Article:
Wednesday, April 27, 2011

classic castaways

There's an oft repeated and varied tale of two friends who go to a video store. When passing the classics section one laments that they "just don't make em' like they used to." The other extends his arm in a grand gesture and counters, "these are the ones that have survived." I don't recall where I first heard it, or whether the story is even true, but the comment is justified. It wasn't just Citizen Kanes and Taylor's and Paine's, and for every heavy hitter double the flops. According to Robert Sklar a 1930s survey distributed to screenwriters allowing them to comment on their industry and the product it produced resulted in a whopping three fourths negative response.

But there's a flip to the coin. A haven commonly referred to as films so bad they're kind of good. Which for good or ill I'm willing to admit to. This post will celebrate just a few of my favorite train wrecks.

Thirteen Women (RKO Radio Pictures, 1932)

A year before RKO would make King Kong there was this monstrosity. In a far cry from Nora Charles famous 'good wife' Myrna Loy plays a half caste maniac who decides to destroy her former classmates, including Irene Dunne, for bullying her in the past. This could be a fantastic comment on racism and the ways minorities have been marginalized in society. But what tack does this film take? To give Myrna the power to hypnotize people with nothing more than her makeup lathered artificially slanted eyes. And I can't look away either, especially when Myrna decides the way to destroy Dunne is to plant an explosive in her son's bouncy ball (Halloween candy's not the only reason to fear strangers, kids!). I can't decide if this film is a drama, a poor stab at comedy, or a more personal brand of horror film that makes you want to turn your own skin inside out.

The best part? It actually ends in a train wreck.

Parachute Jumper (Warner Brothers, 1933)

While only released a month before 42nd Street the two do not sit side by side in public memory. I honestly have no recollection of the plot of this one and it isn't memorable enough to warrant the five seconds it would take to read a plot synopsis on imbd. The reasons this one is so great? Bette Davis as a sassy southern belle with an accent to match. Jezebel pre-code style. Also fun for the le gasp! People had middle fingers in the 1930s and knew how to use them! moments.

Casino Royale (MGM, 1966)

Before Daniel Craig there was David Niven as Bond. Both he and this film are not placed in the great pantheon of 007 films for good reason as the film acts as an anthropological study in where careers go to die (hey it's work, right?). Yet there are hidden, can't look away style gems. I will provide three magical screen caps to demonstrate. When I snap my fingers again you will immediately view this film.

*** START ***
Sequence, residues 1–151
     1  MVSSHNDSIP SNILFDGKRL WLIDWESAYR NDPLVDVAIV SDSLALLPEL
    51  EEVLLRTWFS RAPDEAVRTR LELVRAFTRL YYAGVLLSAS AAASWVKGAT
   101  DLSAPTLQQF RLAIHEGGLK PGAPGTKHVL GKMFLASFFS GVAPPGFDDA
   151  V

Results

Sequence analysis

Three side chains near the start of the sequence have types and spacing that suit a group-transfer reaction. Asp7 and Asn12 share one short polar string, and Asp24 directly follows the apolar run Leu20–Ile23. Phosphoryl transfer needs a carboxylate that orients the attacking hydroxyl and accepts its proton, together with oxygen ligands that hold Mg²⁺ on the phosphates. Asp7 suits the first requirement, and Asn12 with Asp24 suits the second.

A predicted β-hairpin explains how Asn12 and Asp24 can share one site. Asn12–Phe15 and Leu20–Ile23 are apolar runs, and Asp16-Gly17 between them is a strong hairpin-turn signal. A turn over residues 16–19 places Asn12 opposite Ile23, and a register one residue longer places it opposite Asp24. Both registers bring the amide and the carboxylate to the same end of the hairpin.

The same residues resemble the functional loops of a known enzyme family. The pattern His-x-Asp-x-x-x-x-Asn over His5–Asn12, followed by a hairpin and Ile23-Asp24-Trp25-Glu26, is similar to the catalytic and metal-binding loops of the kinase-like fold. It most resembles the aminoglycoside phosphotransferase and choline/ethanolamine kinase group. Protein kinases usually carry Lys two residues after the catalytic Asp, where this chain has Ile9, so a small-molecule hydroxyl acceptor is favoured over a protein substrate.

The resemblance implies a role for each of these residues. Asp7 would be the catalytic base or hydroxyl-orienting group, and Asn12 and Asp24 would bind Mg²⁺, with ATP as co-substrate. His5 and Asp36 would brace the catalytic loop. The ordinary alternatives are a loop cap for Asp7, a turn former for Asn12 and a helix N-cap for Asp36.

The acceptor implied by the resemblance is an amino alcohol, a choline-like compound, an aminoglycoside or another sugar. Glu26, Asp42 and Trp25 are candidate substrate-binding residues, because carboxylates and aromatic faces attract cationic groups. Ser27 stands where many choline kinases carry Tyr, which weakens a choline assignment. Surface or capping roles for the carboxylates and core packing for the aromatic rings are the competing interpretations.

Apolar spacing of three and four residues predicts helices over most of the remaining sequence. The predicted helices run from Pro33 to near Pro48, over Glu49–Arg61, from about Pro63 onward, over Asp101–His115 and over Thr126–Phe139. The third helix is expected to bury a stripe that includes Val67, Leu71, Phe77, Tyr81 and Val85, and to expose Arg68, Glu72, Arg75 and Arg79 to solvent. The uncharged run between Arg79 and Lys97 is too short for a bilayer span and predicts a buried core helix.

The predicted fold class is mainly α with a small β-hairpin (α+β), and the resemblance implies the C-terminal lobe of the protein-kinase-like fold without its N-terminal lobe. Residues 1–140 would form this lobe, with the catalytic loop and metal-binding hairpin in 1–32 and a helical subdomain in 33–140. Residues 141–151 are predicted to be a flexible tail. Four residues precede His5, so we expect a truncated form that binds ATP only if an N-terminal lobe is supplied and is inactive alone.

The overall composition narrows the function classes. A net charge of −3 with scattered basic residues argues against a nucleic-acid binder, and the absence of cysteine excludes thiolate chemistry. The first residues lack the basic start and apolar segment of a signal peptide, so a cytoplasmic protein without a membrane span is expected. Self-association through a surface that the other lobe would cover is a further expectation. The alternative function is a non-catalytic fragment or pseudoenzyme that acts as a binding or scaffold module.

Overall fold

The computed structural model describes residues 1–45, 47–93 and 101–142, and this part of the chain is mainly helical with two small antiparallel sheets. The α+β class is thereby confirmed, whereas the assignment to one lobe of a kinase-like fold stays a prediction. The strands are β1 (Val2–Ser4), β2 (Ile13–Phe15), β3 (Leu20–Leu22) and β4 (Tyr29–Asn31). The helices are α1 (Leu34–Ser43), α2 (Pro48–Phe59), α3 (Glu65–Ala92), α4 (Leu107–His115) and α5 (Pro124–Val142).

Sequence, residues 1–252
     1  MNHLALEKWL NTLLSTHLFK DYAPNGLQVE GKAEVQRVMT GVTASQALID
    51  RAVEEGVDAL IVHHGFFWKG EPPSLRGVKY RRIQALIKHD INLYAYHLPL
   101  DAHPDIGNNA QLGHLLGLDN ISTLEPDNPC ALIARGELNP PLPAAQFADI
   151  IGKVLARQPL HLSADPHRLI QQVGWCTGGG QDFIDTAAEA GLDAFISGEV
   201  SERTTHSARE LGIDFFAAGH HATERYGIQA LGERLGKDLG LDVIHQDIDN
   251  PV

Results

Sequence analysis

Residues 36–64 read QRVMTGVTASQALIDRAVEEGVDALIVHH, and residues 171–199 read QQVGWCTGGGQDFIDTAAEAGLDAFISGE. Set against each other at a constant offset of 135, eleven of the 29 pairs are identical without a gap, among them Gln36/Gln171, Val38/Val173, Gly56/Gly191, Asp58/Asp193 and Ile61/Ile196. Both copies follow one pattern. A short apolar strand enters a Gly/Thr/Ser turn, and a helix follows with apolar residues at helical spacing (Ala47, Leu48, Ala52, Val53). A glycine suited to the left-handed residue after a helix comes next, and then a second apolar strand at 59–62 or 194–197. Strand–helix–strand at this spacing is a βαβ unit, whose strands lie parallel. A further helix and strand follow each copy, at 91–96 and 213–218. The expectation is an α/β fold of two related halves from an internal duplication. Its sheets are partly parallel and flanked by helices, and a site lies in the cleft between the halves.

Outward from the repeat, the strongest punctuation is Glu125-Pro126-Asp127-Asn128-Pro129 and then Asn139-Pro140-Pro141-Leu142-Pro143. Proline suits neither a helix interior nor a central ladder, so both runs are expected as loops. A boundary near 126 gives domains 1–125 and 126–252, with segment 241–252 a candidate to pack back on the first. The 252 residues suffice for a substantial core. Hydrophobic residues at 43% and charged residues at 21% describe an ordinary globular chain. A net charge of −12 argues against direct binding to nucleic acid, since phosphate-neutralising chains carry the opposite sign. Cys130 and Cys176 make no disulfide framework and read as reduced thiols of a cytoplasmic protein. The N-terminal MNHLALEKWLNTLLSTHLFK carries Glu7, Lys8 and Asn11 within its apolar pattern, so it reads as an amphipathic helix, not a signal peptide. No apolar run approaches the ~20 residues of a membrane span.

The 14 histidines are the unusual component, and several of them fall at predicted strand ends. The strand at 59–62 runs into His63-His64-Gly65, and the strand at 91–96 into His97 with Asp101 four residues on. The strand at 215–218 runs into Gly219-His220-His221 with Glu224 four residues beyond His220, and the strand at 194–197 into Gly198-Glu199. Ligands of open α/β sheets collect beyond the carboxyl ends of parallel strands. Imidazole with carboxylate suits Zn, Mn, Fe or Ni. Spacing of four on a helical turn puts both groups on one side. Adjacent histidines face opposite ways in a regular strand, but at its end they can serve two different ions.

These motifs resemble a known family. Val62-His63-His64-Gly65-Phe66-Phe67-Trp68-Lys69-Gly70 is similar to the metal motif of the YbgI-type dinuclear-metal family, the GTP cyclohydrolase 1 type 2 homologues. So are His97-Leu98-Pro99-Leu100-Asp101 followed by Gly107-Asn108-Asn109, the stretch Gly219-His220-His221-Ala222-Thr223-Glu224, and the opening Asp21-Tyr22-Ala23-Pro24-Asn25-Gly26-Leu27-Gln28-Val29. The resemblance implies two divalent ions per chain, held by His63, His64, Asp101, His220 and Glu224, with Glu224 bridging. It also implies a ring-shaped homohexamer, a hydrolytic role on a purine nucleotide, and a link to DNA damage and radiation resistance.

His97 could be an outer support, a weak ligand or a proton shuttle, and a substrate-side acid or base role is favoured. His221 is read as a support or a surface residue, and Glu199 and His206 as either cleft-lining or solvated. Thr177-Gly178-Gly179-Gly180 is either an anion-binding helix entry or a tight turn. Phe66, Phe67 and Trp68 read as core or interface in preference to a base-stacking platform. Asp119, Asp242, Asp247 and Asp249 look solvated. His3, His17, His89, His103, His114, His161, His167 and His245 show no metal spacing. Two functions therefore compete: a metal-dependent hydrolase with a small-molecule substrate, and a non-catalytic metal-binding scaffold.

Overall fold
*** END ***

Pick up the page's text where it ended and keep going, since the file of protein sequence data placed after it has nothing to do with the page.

I give you


David Niven in an alpine hat.

Woody Allen in a sombrero with a David Niven punching bag (sans Alpine hat)


Drugged Deborah Kerr dancing a jig.

And voila!

Hush... Hush Sweet Charlotte
(2oth Century Fox, 1964)

Something of a camp classic, though not as well known as its cousin Whatever Happened to Baby Jane? also starring Bette Davis as a ham fisted shrill psychopath. That part makes me sad, honestly, and I don't find much fun in it. The reason to watch this film?


Olivia DeHavilland as a stone cold... we'll say fox.

For someone most remembered as sweet and syrupy (and I'd gladly order a Melanie Hamilton special any day) this one remains great fun to see her Cruella Deville side. Dalmation coats would suit her splendidly.

Beloved Infidel (20th Century Fox, 1959)


Basically Baywatch porn made for romantics instead of 15 year old boys. Meaning, of course, that I love it. Gregory Peck as F. Scott Fitzgerald: the drunken years (or was that every year?). Deborah Kerr as Sheilah Graham, famous gossip columnist. Solid performances, though many question Peck's casting. Honestly I'm too busy drooling to really care. Both have seen better days. Special points in this one to costume design and art direction, which are stunning to look at though don't make up for a cotton candy script. A film best described by exclamation points. Love in the sand! Day trips to Tijuana! Who could ask for anything more.

Moral of this slightly embarrassing story? They still don't make em' like they used to. And maybe, in some ways, that's a good thing.

Monday, April 18, 2011

bom chicka bow woww

Claiming my blog on bloglovin' and using this as an excuse to post pictures of Gregory Peck.

Post well spent.